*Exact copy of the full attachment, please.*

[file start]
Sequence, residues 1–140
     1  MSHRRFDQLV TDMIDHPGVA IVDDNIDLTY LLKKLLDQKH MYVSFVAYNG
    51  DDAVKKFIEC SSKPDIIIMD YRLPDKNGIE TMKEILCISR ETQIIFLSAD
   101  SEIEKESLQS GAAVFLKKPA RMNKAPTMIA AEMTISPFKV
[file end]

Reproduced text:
Sequence, residues 1–140
     1  MSHRRFDQLV TDMIDHPGVA IVDDNIDLTY LLKKLLDQKH MYVSFVAYNG
    51  DDAVKKFIEC SSKPDIIIMD YRLPDKNGIE TMKEILCISR ETQIIFLSAD
   101  SEIEKESLQS GAAVFLKKPA RMNKAPTMIA AEMTISPFKV